Lake Management: A Nutrient Budget

By David Ernes – Lake Management Committee

As we have stated before, reducing algal blooms is the primary focus of the LMC in this phase of our overall Management Plan. The two common ways to do this are either through the use of algicides or though the reduction of nutrients. Chemical algicides are effective and fast, and are being investigated but they are a band aid and are not a long term solution. And they have some drawbacks that must be understood. The best solution is the control of excess nutrients. Nutrients come into the lake from several sources such as the legacy sediment deposited on the lake bottom over the 50+ years of its life, or from the watershed (via run-off from yard fertilizers and agricultural operations or the streams and tributaries).  With a  Nutrient Budget or Water Quality Model we will establish the percentage that each source contributes to the overall nutrient load for the lake. And from that information we can focus on the mitigation practices that have the best chance of success. (A Budget is also one of the common features one sees in any successful Lake Management Plan.)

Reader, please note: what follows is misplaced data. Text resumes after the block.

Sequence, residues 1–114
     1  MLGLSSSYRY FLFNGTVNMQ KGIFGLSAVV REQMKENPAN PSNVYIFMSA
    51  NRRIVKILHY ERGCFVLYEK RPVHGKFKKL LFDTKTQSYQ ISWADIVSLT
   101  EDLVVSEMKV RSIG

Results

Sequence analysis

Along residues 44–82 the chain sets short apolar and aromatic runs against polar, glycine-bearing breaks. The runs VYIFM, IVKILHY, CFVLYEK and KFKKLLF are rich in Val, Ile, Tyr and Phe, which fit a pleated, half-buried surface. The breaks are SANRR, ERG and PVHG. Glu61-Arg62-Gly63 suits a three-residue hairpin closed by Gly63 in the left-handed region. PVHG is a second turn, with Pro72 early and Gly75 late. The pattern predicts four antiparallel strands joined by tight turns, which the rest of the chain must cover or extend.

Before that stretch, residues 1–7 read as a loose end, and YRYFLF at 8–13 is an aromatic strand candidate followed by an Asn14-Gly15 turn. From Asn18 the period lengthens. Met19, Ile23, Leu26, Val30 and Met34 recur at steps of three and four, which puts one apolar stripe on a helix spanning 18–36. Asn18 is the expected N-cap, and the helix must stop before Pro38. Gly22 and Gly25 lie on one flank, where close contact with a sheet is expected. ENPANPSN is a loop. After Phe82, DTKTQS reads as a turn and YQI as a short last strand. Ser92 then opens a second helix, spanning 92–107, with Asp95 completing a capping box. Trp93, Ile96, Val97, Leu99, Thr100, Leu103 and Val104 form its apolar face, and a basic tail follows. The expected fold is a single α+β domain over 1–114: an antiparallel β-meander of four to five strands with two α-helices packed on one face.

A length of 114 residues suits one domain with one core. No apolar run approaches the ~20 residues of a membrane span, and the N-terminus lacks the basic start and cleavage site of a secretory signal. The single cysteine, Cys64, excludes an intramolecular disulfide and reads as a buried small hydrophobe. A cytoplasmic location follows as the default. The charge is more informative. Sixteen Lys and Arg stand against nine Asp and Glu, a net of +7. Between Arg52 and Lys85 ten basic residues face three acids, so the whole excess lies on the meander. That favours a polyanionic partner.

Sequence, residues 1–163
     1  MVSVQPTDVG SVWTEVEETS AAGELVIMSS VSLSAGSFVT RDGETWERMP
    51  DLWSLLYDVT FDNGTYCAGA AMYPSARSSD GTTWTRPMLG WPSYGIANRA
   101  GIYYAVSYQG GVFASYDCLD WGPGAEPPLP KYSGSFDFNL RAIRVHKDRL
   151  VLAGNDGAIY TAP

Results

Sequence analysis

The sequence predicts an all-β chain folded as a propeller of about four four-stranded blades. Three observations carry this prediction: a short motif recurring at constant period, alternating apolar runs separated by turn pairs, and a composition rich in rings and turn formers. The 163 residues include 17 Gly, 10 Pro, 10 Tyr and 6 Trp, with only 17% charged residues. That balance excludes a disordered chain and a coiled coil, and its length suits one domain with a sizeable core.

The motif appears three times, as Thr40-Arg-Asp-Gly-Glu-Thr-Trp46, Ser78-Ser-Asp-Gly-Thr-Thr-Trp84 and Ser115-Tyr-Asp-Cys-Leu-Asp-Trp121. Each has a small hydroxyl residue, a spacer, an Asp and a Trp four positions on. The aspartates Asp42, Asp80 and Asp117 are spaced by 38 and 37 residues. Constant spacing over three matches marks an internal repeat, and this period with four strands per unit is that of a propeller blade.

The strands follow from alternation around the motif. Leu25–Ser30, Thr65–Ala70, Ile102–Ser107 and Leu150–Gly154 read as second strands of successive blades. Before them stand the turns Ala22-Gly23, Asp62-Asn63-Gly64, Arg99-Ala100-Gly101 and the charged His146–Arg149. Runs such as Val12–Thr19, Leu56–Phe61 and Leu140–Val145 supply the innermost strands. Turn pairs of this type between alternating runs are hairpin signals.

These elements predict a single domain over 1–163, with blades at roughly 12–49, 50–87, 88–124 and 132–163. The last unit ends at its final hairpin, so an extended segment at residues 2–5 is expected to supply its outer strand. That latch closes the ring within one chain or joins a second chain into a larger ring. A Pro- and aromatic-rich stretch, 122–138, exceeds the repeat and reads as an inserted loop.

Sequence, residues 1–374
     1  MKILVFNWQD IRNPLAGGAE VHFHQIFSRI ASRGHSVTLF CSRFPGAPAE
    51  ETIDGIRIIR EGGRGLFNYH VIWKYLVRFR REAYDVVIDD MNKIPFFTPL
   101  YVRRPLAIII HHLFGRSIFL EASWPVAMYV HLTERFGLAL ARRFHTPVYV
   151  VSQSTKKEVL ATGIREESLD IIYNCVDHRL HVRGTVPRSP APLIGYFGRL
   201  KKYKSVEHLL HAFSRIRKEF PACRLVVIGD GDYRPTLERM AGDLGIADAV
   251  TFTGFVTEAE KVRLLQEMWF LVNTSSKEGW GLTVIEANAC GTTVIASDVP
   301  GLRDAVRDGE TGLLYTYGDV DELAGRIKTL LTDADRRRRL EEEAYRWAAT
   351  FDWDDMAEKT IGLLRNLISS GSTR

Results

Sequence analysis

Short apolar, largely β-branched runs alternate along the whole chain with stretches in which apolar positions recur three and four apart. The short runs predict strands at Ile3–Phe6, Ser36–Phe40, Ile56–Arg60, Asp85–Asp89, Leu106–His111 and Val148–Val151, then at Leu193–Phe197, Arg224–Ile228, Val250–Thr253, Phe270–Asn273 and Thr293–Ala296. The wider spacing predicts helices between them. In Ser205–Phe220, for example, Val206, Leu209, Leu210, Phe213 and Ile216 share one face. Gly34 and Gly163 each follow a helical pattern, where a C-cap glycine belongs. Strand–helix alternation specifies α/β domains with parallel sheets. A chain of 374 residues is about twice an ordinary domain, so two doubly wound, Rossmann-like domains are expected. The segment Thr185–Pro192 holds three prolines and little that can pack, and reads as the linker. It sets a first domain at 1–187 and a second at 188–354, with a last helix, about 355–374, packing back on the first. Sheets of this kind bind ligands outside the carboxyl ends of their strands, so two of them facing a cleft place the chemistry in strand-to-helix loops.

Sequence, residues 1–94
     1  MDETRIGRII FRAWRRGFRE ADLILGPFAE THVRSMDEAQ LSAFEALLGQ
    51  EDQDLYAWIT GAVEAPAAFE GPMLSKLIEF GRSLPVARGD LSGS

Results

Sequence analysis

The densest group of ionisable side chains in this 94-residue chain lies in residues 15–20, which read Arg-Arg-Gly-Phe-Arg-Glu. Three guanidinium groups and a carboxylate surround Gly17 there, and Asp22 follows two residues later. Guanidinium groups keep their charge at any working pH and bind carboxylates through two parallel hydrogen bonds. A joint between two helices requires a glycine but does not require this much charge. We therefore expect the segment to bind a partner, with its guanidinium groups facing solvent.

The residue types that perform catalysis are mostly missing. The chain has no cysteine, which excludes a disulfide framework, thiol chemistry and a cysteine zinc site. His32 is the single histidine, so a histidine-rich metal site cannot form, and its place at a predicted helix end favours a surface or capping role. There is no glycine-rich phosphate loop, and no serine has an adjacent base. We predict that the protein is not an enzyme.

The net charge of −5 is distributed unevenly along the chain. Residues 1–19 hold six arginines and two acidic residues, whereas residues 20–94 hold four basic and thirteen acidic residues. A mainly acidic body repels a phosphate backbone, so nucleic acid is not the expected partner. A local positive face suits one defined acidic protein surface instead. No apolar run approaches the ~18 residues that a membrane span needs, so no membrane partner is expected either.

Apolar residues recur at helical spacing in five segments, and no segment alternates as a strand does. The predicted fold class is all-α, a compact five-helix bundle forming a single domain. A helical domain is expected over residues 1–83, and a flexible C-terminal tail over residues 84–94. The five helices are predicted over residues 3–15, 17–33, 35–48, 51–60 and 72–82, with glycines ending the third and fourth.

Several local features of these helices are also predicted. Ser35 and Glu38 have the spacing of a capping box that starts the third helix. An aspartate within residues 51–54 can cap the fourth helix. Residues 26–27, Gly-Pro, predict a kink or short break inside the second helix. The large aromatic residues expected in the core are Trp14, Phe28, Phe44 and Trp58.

The RRA Board has approved the requisiton of a Budget for our lake. At the same time, the LMC is researching various mitigation techniques that address the algae blooms. Once the Budget is completed, we can select those techniques that will have the greatest impact both short-term and long-term while being financially responsible. And once the nutrients are better controlled, we can then move on to other issues such as aquatic vegetation control.

As we wait for the results, we are also looking at simple changes that can impact our lake. One such change approved by the Board was a combined effort by the LMC, the EAC and the RRA maintenance department to alter the mowing practices of the RL lots. In those areas adjacent to the water’s edge or bordering the neighboring farmland, the native vegetation will be allowed to grow unimpeeded, creating a Buffer Zone to absorb nutrient runoff.  This does not cost anything to implement and will actually help the maintenance department. Creation of Buffer Zones is a practice we have often suggested that homeowners can adopt where feasible. Therefore, it is suggested again that you examine your lot and see where you could incorporate a similar practice. Several recent articles have addressed this option. The search for other  “quick hit” options will continue.

 We are moving forwards, and with everyone’s help and patience, we all will continue to…

BE LAKE RESPONSIBLE

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